As we enter a new year, the state Legislature is once again preparing to tackle a wide range of issues including the 2013-15 state budget.

In early February, Gov. Scott Walker will deliver his budget address and introduce his executive budget proposal — a roadmap for his fiscal priorities. After the governor’s budget is introduced, the Legislature’s Joint Committee on Finance will spend weeks gathering public testimony, analyzing the budget line by line, and making changes based on feedback from concerned citizens, businesses and advocacy organizations.

This will be the third time I’ve had the privilege of serving on the Joint Committee on Finance, and while the state is expected to bring in $1.5 billion in new revenue during the next two years, I know that balancing our budget will require us to prioritize our tax dollars and make smart investments.

As our state’s fiscal picture starts to come into focus, we will learn more about the upcoming budget decisions that will need to be made. For example, State Superintendent Tony Evers has put forward a comprehensive “Fair Funding for Our Future” plan that would restore funding to local schools and provide much-needed property tax

relief in our region. The Department of Health Services also has requested an increase of $1.05 billion to fund critical health care programs that serve low-income, disabled and elderly residents.

Additionally, economic development must continue to be a top priority as we look for ways to provide assistance to small businesses and entrepreneurs. According to Forbes Magazine, Wisconsin’s business climate dropped to 42nd in the country and our job growth rate is projected to be second worst in the nation through 2016.

In order to provide long-term economic stability, we need to do a better job of keeping businesses in our state and help them create good-paying jobs.

All of these issues must be balanced against requests from our university and technical college systems to address the state’s “skills gap,” the rising cost of housing inmates in our prisons, upgrades and maintenance of our transportation infrastructure, and the need to hold the line on taxes.

Over the coming months, the state budget process will play out in committee hearing rooms, town hall meetings and media outlets throughout the state. Throughout this process, we need to remember that many families continue to struggle as a result of our slow economic recovery.

By working in a more bipartisan manner and making sound investments, I am hopeful we can help people find jobs, grow our economy and prioritize our limited financial resources to get our state back on track.

I look forward to hearing from you so that I can continue to represent our shared values throughout this process.

Democrat Jennifer Shilling represents Wisconsin’s 32nd Senate District.

(13) comments

TeapartiesR4L'ilGirls

OneTermYesWeCan

Such a thought out and specific post. Did it take you an hour to compose it?

OneTermYesWeCan88
OneTermYesWeCan88

In my lifetime, I have yet to see the liberal Democrats do one thing that turned out good. Everything they touch goes in the sewer.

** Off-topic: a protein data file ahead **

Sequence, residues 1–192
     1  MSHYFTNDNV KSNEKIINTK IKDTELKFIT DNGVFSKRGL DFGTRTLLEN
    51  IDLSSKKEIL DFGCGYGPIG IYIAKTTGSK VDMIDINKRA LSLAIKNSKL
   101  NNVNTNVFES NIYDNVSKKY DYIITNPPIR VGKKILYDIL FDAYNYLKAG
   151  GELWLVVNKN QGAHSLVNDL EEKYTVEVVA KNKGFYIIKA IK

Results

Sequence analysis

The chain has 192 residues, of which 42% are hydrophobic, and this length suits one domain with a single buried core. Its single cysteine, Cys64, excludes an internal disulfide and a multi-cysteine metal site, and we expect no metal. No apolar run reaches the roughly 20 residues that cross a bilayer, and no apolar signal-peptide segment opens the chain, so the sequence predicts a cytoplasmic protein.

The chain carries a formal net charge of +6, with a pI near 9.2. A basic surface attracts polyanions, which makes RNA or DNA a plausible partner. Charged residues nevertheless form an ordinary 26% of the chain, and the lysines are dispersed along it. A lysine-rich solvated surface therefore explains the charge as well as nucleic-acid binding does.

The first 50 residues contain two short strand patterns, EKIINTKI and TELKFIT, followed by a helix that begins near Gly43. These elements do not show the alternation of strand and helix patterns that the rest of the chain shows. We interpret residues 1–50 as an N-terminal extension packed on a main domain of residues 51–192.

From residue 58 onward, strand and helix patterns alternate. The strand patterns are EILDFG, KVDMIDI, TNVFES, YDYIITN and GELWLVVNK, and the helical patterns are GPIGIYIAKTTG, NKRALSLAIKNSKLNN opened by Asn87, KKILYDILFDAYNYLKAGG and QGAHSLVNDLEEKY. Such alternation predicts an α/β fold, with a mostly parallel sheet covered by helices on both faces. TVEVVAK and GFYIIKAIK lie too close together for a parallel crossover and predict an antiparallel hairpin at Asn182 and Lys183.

TeapartiesR4L'ilGirls

Scomls

This area is lucky to have Senator Shilling on the Joint Finance Committee. Senator Kapanke had no clue and merely repeated the same three statements without understanding.

Each of the last several budgets have been challenging. Primarily because the cost to maintain the state portion of Medicaid without reducing benefits has been a significant increase each of the last several 2-year budgets. For 2011-13 $1.2 billion was estimates to be needed.

Again, choices will need to be made. Senator Shilling does listen to her constituents and will be a good voice on the committee, even though she is in the minority party.

scomls

Gov Walker has BALANCED the budget - keep it that way. Why is this such a hard concept for Jenny to grasp ?

TeapartiesR4L'ilGirls

LAXTEA

Over simplify for small brain. The budget process is about making choices. Our senator is looking for input about those choices.

So "everything" would include special credits and incentives that I am sure Scooter and GOP friends would not like to cut for the risk of losing campaign contributions.

capedcrusader

You got that right.

http://dezaraespoliticsmore.freesmfhosting.com/index.php

Seriously Now
Seriously Now

I think some posters should make a resolution not to be whiney little name callers.

LAXTEA

Just cut EVERYTHING, across the board Jennie.

Opus
Opus

Good solution. "Just cut EVERYTHING.." And you wonder why people don't take you seriously...

CelticMan

She is wrong about a couple things:

1. The budget probably won't be introduced followed by weeks of public input, etc. If the Republicans follow their habits, it will be introduced in the dead of night, followed by 2 minutes of taking roll, followed by 30 seconds of a voice vote to pass it.

2. The budget will not outline the governor's fiscal priorities. It will outline the Koch brothers' ideological priorities, and will contain many non-fiscal items that will be an attempt to further cement the Republican hold on power.

LAXTEA

Sounds like sour grapes. That is precisely how the democ-rats do it when they are in the majority, except instead of the Koch bros as benefactors, it is the public sector unions' votes they are buying to solidify their hold on power.

David Lee
David Lee

So your confirming that the Koch brothers are the main benefactors of scooters administration. First honest thing you ever posted.

HelloNewman

Koch Brothers = liberal code for I don't have an argument, maybe I can baffle you with bullsh**

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